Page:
When political attack ads turn and bite the wrong prey

The Working Families campaign targeting Ontario PC Leader Patrick Brown is just plain wrong – and stupid – and that means it will fail

Reading Time: 3 minutes

Warren KinsellaGo negative, sure.

But don’t fib.

The Working Families group has a new ad out. If you live in Ontario, you’ve likely seen it. If you don’t, you haven’t. But the ad is worth talking about because of the issues it raises.

Working Families describes itself as a group that was “created by members of the labour movement with the goal of making voters aware of policies that were threatening the well-being of working families across Ontario.” It doesn’t like conservatives very much.

Working Families has been around for a while. Before and during previous Ontario elections, it ran lots of ads going after the Progressive Conservatives. Even though I was the guy who ran then-Liberal Leader Dalton McGuinty’s war rooms in 2003, 2007 and 2011, I can tell you that I was never a big fan of the ads.

The media assumed, wrongly, that we Ontario Liberals were secretly working with Working Families. I’d never met the shadowy figures behind Working Families, however. I couldn’t pick them out of a police lineup – which is where most PCs thought they belonged.

Their ads, I thought, were ham-fisted and off-message. As the Ontario Liberal war room guy, I didn’t need the media always suggesting that we were covertly conspiring with some U.S.-style dirty tricks operation to get around Ontario election law. But that’s what Working Families ad campaigns did more than anything else: they made our job harder.

For Ontario Liberals, the new Working Families ad campaign is going to create even more trouble. Among other things, it’s stupid.

It’s only 30 seconds long but it packs a lot of BS into that half-minute.

Now, it says, correctly, that Donald Trump’s election has caused “suffering.” It says, accurately, that Brexit is causing “chaos.”

But then the spot shows an unflattering photo of Ontario PC Leader Patrick Brown, over ominous-sounding music. It says he’s against marriage equality and increasing the minimum wage and working families. “Now Patrick Brown promises change,” goes the ad. You know: Trump-style “change.”

So forget about the fact that Brown has lately marched in innumerable pride parades, now loudly favours gay marriage and wants to see the minimum wage increased. Forget all that.

The main allegation in the Working Families ad is that Brown is basically the Great White North version of Trump.

I’m a big fan of tough campaign ads. I’ve put together quite a few over the years. I’ve written books about them.

When polled, people will always say they don’t like negative political ads.

But that, to me, is letting language do our thinking for us. If you ask any sentient being if something “negative” is “positive,” they’ll obviously say no. Nobody likes car crashes, either, I like to say. But they always slow down to take a look.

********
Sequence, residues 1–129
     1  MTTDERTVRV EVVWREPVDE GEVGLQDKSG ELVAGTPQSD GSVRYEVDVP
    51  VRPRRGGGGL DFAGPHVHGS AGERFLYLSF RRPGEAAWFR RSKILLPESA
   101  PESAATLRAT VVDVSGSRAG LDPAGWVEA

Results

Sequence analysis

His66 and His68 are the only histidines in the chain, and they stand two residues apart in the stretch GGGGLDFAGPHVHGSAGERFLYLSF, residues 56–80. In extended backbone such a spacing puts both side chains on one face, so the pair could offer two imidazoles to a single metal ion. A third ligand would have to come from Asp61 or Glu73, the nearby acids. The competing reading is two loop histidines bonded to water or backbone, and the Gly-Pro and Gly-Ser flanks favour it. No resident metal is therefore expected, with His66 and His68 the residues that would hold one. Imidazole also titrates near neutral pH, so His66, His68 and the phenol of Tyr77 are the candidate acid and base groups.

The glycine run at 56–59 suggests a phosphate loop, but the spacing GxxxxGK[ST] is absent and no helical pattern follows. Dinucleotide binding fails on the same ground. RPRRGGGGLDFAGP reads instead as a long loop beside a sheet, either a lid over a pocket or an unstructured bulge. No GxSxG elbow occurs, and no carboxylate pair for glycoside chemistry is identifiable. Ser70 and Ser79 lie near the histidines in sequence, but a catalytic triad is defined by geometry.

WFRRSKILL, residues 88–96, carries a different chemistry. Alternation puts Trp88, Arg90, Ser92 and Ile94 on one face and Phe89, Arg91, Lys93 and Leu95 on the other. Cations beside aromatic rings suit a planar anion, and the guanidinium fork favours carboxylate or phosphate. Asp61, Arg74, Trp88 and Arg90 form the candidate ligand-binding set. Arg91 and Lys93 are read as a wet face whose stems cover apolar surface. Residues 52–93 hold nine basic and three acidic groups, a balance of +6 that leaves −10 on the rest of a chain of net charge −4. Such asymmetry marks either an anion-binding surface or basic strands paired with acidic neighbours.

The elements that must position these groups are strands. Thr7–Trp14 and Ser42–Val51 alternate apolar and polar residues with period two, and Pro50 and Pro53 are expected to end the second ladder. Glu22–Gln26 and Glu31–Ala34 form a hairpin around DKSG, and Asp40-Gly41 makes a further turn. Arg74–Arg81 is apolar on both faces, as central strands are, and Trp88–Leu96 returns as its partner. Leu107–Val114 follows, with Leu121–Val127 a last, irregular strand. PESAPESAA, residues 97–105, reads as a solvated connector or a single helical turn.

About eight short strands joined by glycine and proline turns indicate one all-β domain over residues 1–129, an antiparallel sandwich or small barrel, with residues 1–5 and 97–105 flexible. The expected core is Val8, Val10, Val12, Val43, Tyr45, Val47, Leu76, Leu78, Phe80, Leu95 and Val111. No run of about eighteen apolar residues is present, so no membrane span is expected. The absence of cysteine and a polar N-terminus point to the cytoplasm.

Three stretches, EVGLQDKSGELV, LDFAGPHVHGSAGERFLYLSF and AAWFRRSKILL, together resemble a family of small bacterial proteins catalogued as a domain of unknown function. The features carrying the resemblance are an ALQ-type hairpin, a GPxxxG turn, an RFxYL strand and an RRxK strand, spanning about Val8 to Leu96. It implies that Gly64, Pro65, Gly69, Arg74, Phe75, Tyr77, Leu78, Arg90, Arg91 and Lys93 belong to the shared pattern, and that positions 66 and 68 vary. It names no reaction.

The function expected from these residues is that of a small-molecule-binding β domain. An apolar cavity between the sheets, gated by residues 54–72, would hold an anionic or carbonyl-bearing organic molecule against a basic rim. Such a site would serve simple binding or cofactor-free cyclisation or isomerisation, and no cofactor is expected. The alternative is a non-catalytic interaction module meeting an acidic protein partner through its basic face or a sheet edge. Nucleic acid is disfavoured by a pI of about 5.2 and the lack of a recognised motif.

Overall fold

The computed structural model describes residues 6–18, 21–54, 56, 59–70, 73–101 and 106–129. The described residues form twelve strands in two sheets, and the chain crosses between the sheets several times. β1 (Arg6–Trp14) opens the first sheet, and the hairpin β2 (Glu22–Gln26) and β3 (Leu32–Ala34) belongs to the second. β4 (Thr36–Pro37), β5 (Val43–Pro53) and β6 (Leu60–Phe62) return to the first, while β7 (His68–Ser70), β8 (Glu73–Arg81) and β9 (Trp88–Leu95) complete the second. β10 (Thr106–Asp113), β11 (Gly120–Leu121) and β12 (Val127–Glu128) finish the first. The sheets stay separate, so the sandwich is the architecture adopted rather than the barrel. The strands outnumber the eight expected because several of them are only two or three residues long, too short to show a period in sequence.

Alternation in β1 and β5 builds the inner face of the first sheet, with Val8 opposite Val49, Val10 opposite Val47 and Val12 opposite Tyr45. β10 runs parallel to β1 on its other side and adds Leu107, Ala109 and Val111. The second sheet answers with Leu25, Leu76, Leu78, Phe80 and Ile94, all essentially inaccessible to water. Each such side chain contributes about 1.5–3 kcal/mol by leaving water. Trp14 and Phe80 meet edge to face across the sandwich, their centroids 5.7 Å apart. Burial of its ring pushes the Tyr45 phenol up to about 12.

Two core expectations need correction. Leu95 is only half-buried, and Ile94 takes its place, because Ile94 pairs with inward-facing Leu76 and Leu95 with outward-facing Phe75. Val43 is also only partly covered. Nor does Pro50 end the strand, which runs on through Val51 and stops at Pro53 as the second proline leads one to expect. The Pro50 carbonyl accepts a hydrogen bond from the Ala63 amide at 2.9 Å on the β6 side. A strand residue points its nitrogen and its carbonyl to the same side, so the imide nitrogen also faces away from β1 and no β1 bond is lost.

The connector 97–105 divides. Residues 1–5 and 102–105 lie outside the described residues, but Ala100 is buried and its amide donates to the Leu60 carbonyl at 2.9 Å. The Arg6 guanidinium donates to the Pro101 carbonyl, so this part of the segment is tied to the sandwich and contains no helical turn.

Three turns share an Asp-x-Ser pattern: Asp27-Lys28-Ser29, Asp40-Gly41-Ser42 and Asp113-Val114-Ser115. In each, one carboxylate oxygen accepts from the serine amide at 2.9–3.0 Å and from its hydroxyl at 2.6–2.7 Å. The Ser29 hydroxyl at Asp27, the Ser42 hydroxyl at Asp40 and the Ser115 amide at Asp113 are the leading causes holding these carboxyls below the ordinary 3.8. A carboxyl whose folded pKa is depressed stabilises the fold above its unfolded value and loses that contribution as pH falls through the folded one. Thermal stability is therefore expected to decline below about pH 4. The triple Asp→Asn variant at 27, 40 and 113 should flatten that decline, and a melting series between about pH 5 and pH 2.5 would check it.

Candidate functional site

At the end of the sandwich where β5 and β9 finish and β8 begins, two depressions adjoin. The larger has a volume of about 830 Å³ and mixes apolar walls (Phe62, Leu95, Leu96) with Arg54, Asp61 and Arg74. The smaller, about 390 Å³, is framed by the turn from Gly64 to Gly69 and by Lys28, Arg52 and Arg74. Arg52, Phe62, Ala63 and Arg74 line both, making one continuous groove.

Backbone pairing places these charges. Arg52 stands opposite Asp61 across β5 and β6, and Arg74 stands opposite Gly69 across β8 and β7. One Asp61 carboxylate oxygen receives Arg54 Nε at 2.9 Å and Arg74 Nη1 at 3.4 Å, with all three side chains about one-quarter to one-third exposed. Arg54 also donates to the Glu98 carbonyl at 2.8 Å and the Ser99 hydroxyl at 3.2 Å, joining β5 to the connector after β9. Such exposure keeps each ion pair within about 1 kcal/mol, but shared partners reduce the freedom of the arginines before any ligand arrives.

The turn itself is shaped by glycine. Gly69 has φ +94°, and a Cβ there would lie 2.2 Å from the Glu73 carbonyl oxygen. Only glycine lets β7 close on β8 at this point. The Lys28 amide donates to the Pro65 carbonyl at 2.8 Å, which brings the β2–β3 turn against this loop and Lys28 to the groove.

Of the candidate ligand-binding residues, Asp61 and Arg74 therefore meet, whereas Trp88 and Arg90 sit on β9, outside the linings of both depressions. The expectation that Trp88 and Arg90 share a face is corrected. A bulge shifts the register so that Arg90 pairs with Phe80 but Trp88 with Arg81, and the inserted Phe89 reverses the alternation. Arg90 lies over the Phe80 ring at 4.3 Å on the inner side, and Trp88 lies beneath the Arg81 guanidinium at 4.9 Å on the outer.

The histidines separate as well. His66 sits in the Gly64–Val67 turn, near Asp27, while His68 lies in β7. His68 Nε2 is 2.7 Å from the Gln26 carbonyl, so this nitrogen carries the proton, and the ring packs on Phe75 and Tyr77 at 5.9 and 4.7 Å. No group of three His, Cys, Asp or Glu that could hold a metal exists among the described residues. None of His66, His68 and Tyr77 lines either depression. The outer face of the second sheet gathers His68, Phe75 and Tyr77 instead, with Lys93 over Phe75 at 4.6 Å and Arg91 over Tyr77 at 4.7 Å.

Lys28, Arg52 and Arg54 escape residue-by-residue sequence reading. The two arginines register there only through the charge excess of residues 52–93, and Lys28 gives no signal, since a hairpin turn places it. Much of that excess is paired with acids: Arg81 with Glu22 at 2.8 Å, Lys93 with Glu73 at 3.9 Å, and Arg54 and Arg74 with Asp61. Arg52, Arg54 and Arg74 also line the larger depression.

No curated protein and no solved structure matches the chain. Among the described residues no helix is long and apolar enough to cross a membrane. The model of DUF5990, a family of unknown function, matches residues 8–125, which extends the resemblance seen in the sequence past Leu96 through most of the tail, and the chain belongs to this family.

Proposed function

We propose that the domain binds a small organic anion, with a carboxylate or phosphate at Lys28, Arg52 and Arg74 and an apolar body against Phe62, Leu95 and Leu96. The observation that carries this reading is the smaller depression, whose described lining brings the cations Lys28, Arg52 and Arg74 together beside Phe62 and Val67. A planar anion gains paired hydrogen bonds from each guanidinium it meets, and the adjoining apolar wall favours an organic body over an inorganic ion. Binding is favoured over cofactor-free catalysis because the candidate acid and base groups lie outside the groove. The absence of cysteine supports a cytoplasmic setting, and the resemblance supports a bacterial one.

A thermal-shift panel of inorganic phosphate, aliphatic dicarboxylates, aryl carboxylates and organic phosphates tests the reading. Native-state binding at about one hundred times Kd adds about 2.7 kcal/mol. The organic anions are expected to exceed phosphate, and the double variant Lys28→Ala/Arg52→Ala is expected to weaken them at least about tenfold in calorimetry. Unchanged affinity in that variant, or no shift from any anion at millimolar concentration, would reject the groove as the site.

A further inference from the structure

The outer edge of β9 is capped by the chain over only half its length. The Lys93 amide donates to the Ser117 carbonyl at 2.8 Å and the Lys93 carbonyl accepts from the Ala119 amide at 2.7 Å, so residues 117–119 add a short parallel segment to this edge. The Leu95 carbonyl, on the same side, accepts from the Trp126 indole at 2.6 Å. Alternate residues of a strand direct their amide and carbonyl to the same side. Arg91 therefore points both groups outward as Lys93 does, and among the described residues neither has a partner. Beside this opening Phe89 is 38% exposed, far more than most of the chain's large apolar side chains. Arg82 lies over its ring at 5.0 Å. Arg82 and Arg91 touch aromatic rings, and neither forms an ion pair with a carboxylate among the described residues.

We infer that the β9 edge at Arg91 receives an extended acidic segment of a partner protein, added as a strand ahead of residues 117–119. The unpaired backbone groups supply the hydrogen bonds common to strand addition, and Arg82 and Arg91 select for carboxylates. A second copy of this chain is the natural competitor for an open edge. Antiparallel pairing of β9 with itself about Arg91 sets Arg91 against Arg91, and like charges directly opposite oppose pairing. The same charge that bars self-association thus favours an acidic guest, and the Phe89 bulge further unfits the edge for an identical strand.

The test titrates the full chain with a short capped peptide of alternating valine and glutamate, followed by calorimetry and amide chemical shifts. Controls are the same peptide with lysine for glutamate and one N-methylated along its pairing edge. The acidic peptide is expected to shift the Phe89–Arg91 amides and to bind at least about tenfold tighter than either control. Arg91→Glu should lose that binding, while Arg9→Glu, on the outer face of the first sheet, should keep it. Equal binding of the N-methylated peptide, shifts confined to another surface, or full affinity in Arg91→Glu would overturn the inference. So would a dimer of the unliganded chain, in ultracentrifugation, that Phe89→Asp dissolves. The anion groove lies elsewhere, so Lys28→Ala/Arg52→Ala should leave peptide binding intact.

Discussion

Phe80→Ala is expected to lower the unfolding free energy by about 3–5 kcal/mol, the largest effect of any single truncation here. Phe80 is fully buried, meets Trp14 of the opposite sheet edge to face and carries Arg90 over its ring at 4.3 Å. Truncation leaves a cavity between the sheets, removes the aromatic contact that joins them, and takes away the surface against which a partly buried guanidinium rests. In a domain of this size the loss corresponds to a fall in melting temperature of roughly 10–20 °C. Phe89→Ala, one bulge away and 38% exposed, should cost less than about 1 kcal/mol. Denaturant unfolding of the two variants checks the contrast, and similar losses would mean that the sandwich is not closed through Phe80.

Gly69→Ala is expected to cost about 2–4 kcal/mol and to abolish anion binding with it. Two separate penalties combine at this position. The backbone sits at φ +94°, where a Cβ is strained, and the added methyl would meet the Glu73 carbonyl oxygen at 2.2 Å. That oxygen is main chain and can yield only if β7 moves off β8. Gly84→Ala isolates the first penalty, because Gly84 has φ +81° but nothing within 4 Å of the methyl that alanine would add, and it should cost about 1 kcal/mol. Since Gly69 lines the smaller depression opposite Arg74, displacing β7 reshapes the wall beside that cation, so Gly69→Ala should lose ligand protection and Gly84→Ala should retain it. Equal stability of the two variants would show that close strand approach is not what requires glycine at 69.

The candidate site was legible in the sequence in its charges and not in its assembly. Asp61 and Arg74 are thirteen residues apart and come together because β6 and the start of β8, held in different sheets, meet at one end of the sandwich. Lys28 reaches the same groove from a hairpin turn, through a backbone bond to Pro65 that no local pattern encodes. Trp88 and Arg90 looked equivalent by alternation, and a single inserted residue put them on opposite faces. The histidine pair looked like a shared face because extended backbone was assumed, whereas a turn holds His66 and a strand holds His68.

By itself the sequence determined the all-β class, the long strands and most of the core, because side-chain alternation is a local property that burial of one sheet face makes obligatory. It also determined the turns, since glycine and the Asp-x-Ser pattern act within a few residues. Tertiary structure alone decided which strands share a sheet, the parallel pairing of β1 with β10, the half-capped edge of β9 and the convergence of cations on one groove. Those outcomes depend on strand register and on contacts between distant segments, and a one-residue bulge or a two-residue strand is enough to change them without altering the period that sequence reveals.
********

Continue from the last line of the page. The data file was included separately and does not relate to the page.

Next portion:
Because the media scrutinize attack ads like no other form of political communication – and because voters don’t want to admit they’ve been motivated by an attack – attack ads must be 100 per cent accurate. There can’t be anything in them that is factually wrong. Nothing.

In the 2000 federal Liberal campaign, for example, a colleague and I spent an entire day agonizing over whether the placement of an ellipsis in a quote in an attack ad was going to get us in trouble. And it did. The impact of the ad was lost to a ton of process stories.

The campaign crew helping out Ontario Liberal Premier Kathleen Wynne are the ones who cooked up the federal Grits’ “soldiers in the streets” spots in 2006. Those ads, more than any other factor, contributed to Conservative Leader Stephen Harper’s subsequent victory. Because they were BS.

The Working Families ad is BS. The notion that Brown – who has voted with the Liberals on every single tolerance/diversity issue in the legislature – is Trump is, well, crazy. And anyone making that claim, with a straight face, is either a liar or stupid. Or both.

Go negative, for sure. It isn’t ever wrong to criticize the public record of an opponent seeking high public office.

 But don’t lie about it. Because those rotten eggs you want to throw at your opponent?

They’re going to bounce off him and hit you.

Warren Kinsella is a Canadian journalist, political adviser and commentator.

Warren is a Troy Media Thought Leader. Why aren’t you?

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The views, opinions and positions expressed by columnists and contributors are the author’s alone. They do not inherently or expressly reflect the views, opinions and/or positions of our publication.

Warren Kinsella

Warren Kinsella is a Canadian journalist, political adviser and commentator.

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